Facebook (NASDAQ:FB) introduced Graph Search earlier this year, a feature that enables users to find new friends and get restaurant recommendations. Though Facebook's aim is to challenge Google (NASDAQ:GOOG) in the search market, investors didn't see this as a threat. Facebook didn't just stop there, the company purchased Atlas from Microsoft (NASDAQ:MSFT). So, since the start of 2013 Facebook has launched Graph search and purchased Atlas, Good enough to take on Google?
Facebook has to focus on a lot of areas for things to get going its way.
Unlike Google, Facebook does not provide any tools for advertisers to measure their returns on their Facebook Ad campaigns. Google does provide data in the form of keyword research, thus enabling its clients to get a detailed report on how their audiences reach their websites via Google. Facebook does not provide any such data.
Facebook's recent acquisition Atlas enables marketers to see how users use Facebook Ads. With the help of Atlas, marketers can now compare Facebook campaigns with TV ads and other such media advertisements. All of this can be done using websites outside of Facebook which is an added plus point. Once marketers start implementing these tools, Facebook can monitor their campaigns outside of Facebook and perform real time tweaks to their own advertisement strategies. If everything falls in place, Facebook would be able hike its ad prices to the same level as Google.
Gokul Rajaram (Atlas product director) has stated in a recent article that "current ad serving systems do not support mobile". Keeping this in mind, Facebook is already working on an ad serving solution for mobile devices. With the majority of the users accessing their socializing through portable devices, Facebook is now in the driving seat to dominate the mobile ad market. Atlas provides marketers detailed analyses and comparisons of ad campaigns between mobile and desktop providing Facebook the necessary data to improve on their current strategies and try new ones.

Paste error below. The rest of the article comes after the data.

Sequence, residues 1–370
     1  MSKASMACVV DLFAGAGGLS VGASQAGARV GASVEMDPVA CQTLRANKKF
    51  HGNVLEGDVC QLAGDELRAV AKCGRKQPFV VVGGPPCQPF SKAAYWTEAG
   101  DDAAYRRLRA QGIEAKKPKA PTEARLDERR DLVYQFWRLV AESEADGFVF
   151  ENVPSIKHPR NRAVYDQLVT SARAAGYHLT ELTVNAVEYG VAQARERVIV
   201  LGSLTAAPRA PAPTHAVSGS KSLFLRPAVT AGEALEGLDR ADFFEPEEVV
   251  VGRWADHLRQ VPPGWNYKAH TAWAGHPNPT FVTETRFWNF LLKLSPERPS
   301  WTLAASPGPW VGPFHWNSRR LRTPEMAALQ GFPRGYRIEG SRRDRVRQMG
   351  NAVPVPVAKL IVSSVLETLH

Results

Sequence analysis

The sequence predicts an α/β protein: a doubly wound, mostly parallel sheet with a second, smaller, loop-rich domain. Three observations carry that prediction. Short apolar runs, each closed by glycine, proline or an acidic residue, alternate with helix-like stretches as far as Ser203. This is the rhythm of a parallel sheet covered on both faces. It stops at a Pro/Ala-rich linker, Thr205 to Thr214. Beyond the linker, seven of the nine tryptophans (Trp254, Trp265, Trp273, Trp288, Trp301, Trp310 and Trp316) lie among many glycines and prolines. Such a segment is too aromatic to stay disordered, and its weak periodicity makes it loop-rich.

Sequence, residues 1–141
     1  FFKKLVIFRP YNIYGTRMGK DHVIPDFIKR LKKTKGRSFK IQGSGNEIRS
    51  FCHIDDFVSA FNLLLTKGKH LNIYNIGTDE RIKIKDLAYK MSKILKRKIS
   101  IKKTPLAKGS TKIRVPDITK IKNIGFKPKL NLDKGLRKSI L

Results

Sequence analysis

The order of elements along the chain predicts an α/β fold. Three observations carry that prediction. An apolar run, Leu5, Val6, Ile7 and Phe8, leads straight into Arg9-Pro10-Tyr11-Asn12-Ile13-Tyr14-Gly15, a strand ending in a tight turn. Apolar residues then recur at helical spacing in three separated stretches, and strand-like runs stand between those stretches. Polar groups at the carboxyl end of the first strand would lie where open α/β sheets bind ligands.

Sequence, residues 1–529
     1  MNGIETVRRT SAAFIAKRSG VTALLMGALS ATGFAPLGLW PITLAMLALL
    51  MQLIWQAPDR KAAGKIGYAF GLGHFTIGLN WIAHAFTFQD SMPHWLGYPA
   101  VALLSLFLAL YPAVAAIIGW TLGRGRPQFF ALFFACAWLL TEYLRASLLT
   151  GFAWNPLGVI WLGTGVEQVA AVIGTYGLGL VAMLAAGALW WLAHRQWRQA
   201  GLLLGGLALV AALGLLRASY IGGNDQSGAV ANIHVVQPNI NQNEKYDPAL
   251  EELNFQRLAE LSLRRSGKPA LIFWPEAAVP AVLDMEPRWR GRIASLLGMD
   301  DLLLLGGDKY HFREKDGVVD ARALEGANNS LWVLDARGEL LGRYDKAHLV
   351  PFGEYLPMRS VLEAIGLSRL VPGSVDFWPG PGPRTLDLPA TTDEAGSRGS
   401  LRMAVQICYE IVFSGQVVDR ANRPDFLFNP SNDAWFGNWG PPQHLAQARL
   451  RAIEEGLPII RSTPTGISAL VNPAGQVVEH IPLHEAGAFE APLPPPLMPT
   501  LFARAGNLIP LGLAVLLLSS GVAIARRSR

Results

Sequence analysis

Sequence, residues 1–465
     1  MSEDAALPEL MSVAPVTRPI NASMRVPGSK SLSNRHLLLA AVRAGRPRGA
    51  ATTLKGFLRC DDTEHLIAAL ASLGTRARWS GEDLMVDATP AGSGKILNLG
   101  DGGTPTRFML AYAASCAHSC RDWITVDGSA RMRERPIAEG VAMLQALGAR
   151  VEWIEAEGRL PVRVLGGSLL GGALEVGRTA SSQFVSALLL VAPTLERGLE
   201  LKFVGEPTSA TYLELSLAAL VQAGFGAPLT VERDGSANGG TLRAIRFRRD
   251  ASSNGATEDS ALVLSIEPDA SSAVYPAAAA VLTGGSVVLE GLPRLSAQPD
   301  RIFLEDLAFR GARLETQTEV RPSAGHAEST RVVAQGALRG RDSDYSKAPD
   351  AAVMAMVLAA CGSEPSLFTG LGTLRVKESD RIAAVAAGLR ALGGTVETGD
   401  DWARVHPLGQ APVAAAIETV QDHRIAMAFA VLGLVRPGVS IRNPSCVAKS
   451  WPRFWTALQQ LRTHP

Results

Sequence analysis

As of now mobile ads contribute to a quarter of a company's ad revenue, this is because it's priced at half of what desktop ads are priced at. Once Facebook is able to provide data on the significance of mobile ad campaigns, things will take a turn.
External Ad network
In 2007, Google bought DoubleClick and Microsoft replied with a quick purchase aQuantive. Both of them bought these companies to switch from just search advertising to also display their adverts on other websites. Atlas was a part of Microsoft's aQuantive purchase. Facebook has to complete what Microsoft has been trying ever since it purchased aQuantive, it too has to create an ad network capable challenging Google.
Lucy Jacob, COO of Spruce media stated that an external ad network could help Facebook generate 3x ad revenue with the present traffic on its website. Unlike Google, Facebook has its "like" button on almost every webpage these days (including this one, feel free to click on it). Users are directly telling Facebook what they're interested in, club this with Atlas and you have an external ad network system that just cannot fail.
Atlas is not a final product though, there is a still a lot of engineering that has to be done for it to become a complete ad server. Facebook has to work on advertisement value on its own website before it asks for space on other websites.
How big a threat is this to Google?
Google is probably well aware of the fact that Facebook is the only company that can knock it out cold. Ad revenue is what Google thrives on, it has even launched a successful mobile operating system "Android" to keep up with the changing internet usage trends. Google's biggest challenge as of now is to retain its existing clients, all it has only got is keyword searches and email messages to fetch user interests, whereas Facebook has billions of users telling it upfront their likes and dislikes. Google is still trying to get Google+ going, but in all honesty it's not helping them much.
I wouldn't be surprised to see Google lending its AdExchange services to Facebook, this would help it by ensuring that marketers are using analytics tools and wouldn't knock them completely off their game. Giving Atlas a chance would allow marketers the option of comparing Google ads with not only Facebook ads but other marketing campaigns as well, it's better Google stays away from such risks.
Microsoft's Atlas and Facebook's Atlas are two completely different stories, Microsoft never threatened Google with online ad campaigns but Facebook can push Google completely off the wagon. Expect more moves from Facebook as it is the only ones with the potential to finally compete with Google in internet dominance.